Prison cell
In North Carolina, this is where someone who discloses ingredients in fracking fluid could end up under a bill now being considered by the legislature. (Photo by Dylan Oliphant via Wikipedia.)

NC fracking bill orders prison time for disclosing chemicals, ignores health risks

In North Carolina, this is where someone who discloses ingredients in fracking fluid could end up under a bill now being considered by the legislature. (Photo by Dylan Oliphant via Wikipedia.)
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North Carolina's legislature convened last week, and lawmakers introduced a bill that brings the state one step closer to allowing oil and gas drilling.

One aspect of the Energy Modernization Act (SB 786) that's gotten considerable attention is the provision that would make it a Class I felony for someone to intentionally disclose chemicals in fracking fluids that are classified as trade secrets. A conviction of this lowest-level felony could bring civil fines and several months in prison.

The bill requires the state geologist in the Department of Environment and Natural Resources (DENR) to serve as the custodian of trade secrets, including ingredients in fracking fluid. It allows information about such secrets to be disclosed only to emergency responders, health care providers dealing with emergencies, and federal and state agencies that need the information to carry out their functions.

Hannah Wiseman, a Florida State University assistant law professor who studies fracking regulations, told Mother Jones that North Carolina's proposed law "is far stricter than most states' provisions in terms of the penalty for violating trade secrets." She said that the bill was "so poorly worded" that it's unclear whether emergency responders would be charged with a felony for disclosing the information they obtain legally.

But while the bill is careful to protect what corporations claim are trade secrets, it fails to address some of the biggest risks fracking poses for the environment, public health and landowners, according to an analysis by the N.C. Conservation Network.

Among the concerns the legislation does not address are compulsory pooling, whereby drillers can drill on land without the owners' permission; disposal of toxic fracking wastewater; toxic air emissions from fracking operations; long-term contamination that comes to light after a drilling operation is finished; and how to protect landowners and the environment from the lines that move gas from wells to processing facilities. In addition, the bill shrinks the zone of liability for drillers who cause drinking well contamination from 5,000 feet to 2,640 feet, and it prohibits local bans on fracking or the siting of wells.

The bill's primary sponsors are Republican Sens. Robert Rucho of Mecklenburg County, E.S. "Buck" Newton of Wilson, and Andrew Brock of Mocksville. It also has six co-sponsors, all of them Republicans. The GOP holds supermajorities in both the North Carolina House and Senate.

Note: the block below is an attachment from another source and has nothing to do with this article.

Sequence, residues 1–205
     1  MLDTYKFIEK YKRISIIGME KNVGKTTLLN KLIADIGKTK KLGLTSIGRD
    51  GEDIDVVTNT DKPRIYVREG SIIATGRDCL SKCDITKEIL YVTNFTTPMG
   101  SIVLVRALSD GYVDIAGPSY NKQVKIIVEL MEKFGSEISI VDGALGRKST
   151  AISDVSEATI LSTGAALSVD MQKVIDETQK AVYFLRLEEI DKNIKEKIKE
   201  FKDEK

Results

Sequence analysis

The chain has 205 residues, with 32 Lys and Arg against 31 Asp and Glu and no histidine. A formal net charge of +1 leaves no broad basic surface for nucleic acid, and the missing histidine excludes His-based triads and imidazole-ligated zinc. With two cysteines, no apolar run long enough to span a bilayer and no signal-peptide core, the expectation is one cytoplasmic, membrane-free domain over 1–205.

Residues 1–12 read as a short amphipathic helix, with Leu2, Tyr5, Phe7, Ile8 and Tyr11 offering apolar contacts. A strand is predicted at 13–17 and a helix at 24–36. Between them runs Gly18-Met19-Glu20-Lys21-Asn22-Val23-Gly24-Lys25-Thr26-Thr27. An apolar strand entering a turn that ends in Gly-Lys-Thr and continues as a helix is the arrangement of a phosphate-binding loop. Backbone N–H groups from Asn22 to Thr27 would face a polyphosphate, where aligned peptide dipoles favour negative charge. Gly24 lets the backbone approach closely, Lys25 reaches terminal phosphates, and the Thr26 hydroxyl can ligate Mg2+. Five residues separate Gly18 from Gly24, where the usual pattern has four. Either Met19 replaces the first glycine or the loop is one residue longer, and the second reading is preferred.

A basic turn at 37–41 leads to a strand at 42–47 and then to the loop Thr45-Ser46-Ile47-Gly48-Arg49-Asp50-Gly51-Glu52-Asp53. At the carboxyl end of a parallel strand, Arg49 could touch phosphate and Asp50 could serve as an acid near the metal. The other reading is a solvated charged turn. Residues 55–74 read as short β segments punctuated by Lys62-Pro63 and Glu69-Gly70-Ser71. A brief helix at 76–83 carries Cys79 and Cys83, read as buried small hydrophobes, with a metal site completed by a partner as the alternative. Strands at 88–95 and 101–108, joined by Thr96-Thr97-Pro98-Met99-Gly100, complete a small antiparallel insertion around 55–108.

The legislation was introduced as new revelations surfaced about the outsized role industry interests have played in shaping the state's proposed approach to chemical disclosure.

Greenpeace recently obtained a cache of emails and meeting schedules from members of the N.C. Mining and Energy Commission (MEC), a 15-person body in charge of crafting fracking regulations for state lawmakers. The documents show what the environmental advocacy group calls a "cozy relationship" between the industry and the MEC -- including Chairman George Howard drinking beer and spending evenings with D. Bowen "Bo" Heath, a lobbyist with the law firm McGuireWoods who represents fracking giants Halliburton and Koch Industries. Howard is the CEO of Restoration Systems, an environmental remediation company; his former business partner is DENR Secretary John Skvarla.

An earlier version of the chemical disclosure rule crafted by the MEC was pulled from consideration last year after Halliburton complained it went too far. Instead, Greenpeace reports, Heath promoted a weaker chemical disclosure bill from Colorado that was based on model legislation from the American Legislative Exchange Council (ALEC), a group that promotes corporate interests in state legislatures. Heath has ties to ALEC, having attended the group's annual meetings.

The legislation introduced last week in North Carolina would disband the MEC next year and replace it with an Oil and Gas Commission that would administer civil penalties and adopt new rules as needed. The bill also creates a Mining Commission within DENR to issue fracking permits.

Comments

Solution

I fear we will be facing much more, and much worse than pitch forks if our nations leaders keep making decisions like this one, so blatantly against the best interest of the people. If the obvious infiltration of the fracking industry in state politics has you as fired up as it does me, go check out movetoamend.org. It is one of many democracy movements that I believe offers the best solution. Let this issue be a motivating moment for you to get involved and make a difference.

What is wrong with these

What is wrong with these people in power? They are pumping these chemicals into the ground - of course it should be known exactly what it is they are mixing in with our ground water.

We need to show up with pitch forks and bearing arms and scream at the top of our lungs to stop this madness.

These legislators are oil mob

These legislators are oil mob consiglieres, tools for the destruction of liberties, freedoms and rights to clean air and water

fracking

the frackers need incarceration. the disclosure of chemicals used should get awards of cash for public service should be given. the lawmakers in north carolina who allow this bill to pass into law should be jailed. this is a clear and present dasnger to the people of the united states.

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